PROVIDENCE, R.I. (WPRI) – With Rhode Island’s population becoming more diverse and shifting northward, the state’s urban core could soon command greater influence in the General Assembly.
Yet political observers aren’t sure at this point how that might help or hurt different factions of the state’s major political parties, as newly released U.S. Census data shows the state’s fastest- and slowest-growing legislative districts are ideologically diverse.
“There are no obvious political implications to these population shifts,” said Adam Myers, a political science professor at Providence College, who helped Target 12 create maps showing how the population changed across the state’s 38 Senate districts and 75 House districts since the last time political boundaries were drawn in 2012.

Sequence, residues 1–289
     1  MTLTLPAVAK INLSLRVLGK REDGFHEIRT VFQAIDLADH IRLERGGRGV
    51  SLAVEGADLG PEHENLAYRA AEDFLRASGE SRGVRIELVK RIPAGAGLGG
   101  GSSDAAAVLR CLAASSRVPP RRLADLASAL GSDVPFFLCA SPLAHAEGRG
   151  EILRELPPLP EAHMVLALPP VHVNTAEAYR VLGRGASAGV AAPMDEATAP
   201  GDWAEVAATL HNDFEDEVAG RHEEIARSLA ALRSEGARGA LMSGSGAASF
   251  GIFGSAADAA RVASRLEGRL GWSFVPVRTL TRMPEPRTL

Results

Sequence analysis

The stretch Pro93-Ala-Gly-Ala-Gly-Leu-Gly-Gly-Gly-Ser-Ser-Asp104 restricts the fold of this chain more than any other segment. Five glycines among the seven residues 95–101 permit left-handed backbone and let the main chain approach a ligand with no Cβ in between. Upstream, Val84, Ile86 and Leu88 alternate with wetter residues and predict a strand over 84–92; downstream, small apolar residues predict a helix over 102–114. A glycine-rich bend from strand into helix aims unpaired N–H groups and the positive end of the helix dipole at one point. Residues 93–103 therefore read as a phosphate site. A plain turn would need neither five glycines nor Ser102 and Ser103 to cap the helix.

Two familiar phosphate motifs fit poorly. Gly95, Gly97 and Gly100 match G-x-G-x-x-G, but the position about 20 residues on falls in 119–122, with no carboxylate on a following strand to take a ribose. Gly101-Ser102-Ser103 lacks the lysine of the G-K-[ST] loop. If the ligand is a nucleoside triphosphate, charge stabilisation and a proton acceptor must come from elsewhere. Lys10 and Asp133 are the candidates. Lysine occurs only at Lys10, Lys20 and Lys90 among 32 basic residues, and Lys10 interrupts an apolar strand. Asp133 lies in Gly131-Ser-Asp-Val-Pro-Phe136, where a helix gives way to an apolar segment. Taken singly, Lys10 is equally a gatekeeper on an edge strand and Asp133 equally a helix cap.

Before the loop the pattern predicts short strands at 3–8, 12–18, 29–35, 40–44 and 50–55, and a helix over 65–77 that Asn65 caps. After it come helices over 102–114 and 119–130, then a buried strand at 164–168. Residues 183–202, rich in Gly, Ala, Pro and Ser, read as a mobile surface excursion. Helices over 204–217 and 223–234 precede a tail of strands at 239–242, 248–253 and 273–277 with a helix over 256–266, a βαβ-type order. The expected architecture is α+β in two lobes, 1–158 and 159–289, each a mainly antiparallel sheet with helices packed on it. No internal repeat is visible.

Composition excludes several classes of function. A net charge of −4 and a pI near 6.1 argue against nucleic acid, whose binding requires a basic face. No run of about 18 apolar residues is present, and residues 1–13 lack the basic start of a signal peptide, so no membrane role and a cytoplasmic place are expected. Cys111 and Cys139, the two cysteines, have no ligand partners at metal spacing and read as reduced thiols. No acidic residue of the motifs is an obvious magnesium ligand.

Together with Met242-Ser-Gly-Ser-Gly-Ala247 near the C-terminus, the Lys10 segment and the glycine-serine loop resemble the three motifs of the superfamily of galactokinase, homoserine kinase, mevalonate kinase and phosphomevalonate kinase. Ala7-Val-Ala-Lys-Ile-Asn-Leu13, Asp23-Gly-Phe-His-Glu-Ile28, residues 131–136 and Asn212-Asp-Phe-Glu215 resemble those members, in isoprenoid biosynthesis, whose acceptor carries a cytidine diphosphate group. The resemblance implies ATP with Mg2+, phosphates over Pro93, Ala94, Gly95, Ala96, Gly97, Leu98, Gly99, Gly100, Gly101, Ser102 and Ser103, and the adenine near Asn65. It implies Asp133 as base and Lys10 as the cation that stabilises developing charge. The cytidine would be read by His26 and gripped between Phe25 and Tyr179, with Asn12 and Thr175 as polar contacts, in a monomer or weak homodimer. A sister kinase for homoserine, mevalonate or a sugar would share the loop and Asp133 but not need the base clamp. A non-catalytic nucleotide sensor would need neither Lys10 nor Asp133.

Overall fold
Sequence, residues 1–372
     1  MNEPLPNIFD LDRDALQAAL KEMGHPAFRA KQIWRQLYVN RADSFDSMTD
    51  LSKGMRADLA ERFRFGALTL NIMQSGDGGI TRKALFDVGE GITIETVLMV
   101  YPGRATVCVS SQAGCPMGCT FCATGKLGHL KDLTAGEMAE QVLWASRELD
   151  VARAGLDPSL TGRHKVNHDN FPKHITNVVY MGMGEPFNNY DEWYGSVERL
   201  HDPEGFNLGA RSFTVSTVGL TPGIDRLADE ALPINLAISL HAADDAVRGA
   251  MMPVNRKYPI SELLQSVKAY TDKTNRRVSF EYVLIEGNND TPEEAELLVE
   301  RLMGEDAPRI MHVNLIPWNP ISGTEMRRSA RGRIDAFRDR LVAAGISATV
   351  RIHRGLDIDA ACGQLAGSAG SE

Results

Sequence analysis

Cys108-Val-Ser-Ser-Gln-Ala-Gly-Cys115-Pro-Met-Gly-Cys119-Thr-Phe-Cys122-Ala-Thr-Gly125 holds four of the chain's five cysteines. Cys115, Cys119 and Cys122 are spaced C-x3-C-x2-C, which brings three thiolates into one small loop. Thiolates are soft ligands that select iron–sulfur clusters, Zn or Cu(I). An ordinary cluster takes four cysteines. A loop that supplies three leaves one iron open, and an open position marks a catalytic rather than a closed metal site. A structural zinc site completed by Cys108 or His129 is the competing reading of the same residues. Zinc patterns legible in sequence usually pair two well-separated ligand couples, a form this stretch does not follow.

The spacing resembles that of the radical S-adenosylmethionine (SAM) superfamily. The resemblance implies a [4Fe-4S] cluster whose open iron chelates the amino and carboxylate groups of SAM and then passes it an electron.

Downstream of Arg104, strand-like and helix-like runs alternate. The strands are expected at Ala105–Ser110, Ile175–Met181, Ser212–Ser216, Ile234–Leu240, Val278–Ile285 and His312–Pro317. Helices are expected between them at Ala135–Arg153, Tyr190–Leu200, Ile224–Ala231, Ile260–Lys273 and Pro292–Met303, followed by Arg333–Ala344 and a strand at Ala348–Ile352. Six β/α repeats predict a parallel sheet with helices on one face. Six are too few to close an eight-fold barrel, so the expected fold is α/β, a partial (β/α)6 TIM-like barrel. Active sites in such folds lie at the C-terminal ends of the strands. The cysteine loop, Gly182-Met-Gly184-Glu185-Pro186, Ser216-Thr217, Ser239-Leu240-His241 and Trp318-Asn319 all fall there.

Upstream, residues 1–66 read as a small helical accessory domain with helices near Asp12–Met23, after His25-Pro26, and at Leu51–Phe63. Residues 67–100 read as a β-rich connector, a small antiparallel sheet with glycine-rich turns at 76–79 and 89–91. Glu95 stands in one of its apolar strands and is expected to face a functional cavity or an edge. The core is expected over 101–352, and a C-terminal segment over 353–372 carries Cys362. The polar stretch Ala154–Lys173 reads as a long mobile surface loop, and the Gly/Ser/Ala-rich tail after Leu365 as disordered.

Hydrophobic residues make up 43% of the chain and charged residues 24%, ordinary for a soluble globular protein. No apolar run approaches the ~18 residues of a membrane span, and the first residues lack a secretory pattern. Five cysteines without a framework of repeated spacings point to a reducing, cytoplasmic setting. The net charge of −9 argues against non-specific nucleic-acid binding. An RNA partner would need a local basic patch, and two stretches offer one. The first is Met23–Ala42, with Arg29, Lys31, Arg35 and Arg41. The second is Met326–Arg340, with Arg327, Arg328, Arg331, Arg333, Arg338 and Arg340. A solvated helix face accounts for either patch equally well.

“If you look at districts that lost population, they include a mix of progressives, establishment Democrats and some Republicans,” he added. “For fast-growing districts, some of them are represented by progressives and some more traditional Democrats.”
Like most of the country, Rhode Island saw its population grow fastest in urban areas, such as Central Falls, Providence and Pawtucket, along with some suburban areas, including Cumberland and East Greenwich. The seats in those communities are currently held by Democrats.